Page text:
Most people in healthcare have heard of Health Level 7 (HL7), but not all could also be at home with it on a super-technical level. Still, most of them might not know the use of HL7’s for interfacing different healthcare-related systems, which they’d only want to implement software that’s HL7-compliant.
Fast Healthcare Interoperability Resources (FHIR) may not be as well-known, while it’s been around for years. But now, there’s much-renewed interest in FHIR, especially since it was recently adopted and promoted by no but Apple and CMS as their preferred healthcare interface mechanism.
Perhaps the primary thing to understand is that FHIR is a branch of HL7. So, there is not any competition intrinsically between each interface utility or between rival companies. Apple and CMS brought FHIR to light by launching FHIR’s patient-centric mobile solutions app, which empowers patients to securely attach and manage their clinical records.
With the FHIR app, patients can use their iOS devices to quickly check things as diverse as their eligibility for preventative care visits to the status of any outstanding claims. Patients can “pull” their charts from any organization to which Apple and CMS are connected.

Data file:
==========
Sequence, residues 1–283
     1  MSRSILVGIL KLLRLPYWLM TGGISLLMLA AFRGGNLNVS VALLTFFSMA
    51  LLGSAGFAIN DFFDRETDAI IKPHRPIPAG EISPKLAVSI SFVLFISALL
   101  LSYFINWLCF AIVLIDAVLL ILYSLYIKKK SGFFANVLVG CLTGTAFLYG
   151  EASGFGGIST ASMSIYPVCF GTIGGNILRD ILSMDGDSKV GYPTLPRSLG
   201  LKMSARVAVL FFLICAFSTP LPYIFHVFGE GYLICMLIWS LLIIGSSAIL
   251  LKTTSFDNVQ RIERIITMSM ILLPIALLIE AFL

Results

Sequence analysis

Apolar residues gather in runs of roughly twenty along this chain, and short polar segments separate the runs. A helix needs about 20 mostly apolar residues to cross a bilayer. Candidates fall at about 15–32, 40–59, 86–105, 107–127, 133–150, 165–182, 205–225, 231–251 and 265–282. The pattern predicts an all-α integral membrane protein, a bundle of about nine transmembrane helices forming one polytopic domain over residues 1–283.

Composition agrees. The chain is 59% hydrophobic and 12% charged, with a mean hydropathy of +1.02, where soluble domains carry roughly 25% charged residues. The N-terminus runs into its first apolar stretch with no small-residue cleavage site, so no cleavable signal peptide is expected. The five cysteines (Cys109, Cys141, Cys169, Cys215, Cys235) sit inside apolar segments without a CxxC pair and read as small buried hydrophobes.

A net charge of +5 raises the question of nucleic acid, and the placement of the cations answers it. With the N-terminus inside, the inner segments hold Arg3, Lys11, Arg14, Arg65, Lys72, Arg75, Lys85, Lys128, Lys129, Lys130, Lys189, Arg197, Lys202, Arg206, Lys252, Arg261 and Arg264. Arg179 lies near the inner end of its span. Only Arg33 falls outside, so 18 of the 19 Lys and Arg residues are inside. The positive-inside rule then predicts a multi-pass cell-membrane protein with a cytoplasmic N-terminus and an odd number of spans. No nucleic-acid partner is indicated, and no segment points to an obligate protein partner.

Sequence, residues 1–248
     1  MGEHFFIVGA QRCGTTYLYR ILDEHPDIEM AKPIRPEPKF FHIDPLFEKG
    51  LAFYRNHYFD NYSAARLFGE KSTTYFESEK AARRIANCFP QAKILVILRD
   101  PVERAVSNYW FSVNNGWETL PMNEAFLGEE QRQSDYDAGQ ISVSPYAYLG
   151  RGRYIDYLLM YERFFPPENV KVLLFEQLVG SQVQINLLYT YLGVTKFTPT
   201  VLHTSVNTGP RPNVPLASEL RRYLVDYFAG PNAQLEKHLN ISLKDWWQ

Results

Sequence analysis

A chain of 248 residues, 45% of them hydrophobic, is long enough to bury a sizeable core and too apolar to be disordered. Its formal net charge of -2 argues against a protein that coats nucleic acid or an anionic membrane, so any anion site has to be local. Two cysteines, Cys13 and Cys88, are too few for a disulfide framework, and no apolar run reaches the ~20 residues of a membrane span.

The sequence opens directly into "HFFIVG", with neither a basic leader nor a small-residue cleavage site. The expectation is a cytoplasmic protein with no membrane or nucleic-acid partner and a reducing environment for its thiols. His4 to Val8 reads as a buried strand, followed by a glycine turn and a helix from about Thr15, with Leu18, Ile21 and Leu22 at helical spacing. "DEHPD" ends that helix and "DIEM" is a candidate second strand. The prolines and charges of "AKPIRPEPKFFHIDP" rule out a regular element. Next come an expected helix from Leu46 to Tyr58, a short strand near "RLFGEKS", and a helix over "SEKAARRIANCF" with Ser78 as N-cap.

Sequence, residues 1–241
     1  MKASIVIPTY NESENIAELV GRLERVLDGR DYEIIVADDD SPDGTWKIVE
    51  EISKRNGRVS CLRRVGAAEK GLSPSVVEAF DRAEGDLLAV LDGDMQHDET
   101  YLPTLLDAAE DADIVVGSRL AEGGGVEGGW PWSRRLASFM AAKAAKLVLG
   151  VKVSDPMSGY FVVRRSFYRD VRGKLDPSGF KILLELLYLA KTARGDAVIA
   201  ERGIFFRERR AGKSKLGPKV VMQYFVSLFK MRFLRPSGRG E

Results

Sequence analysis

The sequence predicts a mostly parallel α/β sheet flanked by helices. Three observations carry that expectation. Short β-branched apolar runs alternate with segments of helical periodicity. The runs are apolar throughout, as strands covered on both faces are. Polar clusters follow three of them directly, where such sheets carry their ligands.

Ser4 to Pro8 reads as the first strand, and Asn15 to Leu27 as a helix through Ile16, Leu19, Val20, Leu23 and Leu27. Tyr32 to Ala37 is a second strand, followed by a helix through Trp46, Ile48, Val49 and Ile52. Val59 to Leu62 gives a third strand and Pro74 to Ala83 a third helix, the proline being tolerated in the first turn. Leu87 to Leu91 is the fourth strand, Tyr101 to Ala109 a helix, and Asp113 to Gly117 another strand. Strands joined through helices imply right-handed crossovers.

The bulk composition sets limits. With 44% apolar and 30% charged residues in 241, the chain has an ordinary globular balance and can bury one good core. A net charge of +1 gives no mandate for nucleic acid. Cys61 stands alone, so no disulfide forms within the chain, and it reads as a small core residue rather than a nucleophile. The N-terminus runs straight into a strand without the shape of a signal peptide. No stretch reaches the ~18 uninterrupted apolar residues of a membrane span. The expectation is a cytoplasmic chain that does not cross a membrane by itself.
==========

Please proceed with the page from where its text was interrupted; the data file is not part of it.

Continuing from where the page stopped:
The powerful combination of the FHIR application programming interface (API) and web services means the long run of healthcare technology could resemble the kind of integration that already exists outside of healthcare, like in social media news feeds.
Instead, HL7 interfaces would wish to be written by a programmer or programming team to attach the systems that require interfacing. And then, interfaces have to be supported and maintained to confirm their integrity. So, FHIR removes the complexities of “traditional” EHR interfacing.
For instance, health information exchanges (HIEs) lost steam as a possible solution for seamlessly exchanging patient health information. Instead, the FHIR app/API method can enable communication between multiple sources like EHRs, mobile applications, devices, and more.
That’s because, in general, APIs provide an even, public interface enabling authorized applications to receive and send data with the right security authentication. It is the difference between breaking down a locked door with an ax vs. having the key.
HL7 developed FHIR, specifically with EHRs in mind. FHIR’s sole reason to exist is to create EHRs that are FHIR-compatible and specific to other healthcare applications, easily interoperable. to urge a touch technical, FHIR 4 could be a draft standard describing data formats and elements or “resources.”
A recent JASON (CMS) taskforce report named FHIR the simplest candidate for its API approach.
It even noted that FHIR should be a part of the compliance criteria for stage 3 meaningful use (MU). It certainly seems FHIR is on course to become a regular, or perhaps the quality, in healthcare API interoperability. And with HL7’s provenance within the healthcare interface arena, FHIR seems sure to become a successor to any EHR user and patient who has data within the EHR.